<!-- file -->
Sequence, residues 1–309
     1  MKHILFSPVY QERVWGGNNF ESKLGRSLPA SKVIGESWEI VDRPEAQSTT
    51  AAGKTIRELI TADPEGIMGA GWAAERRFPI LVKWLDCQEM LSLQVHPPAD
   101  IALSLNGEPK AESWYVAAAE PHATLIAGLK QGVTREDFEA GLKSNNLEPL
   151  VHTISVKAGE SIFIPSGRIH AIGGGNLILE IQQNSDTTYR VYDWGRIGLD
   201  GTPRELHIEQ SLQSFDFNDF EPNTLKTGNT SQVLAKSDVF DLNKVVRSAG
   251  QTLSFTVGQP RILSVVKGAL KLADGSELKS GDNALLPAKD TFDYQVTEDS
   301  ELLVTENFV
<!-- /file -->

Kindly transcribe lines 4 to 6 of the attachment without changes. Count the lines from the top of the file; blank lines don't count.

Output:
   101  IALSLNGEPK AESWYVAAAE PHATLIAGLK QGVTREDFEA GLKSNNLEPL
   151  VHTISVKAGE SIFIPSGRIH AIGGGNLILE IQQNSDTTYR VYDWGRIGLD
   201  GTPRELHIEQ SLQSFDFNDF EPNTLKTGNT SQVLAKSDVF DLNKVVRSAG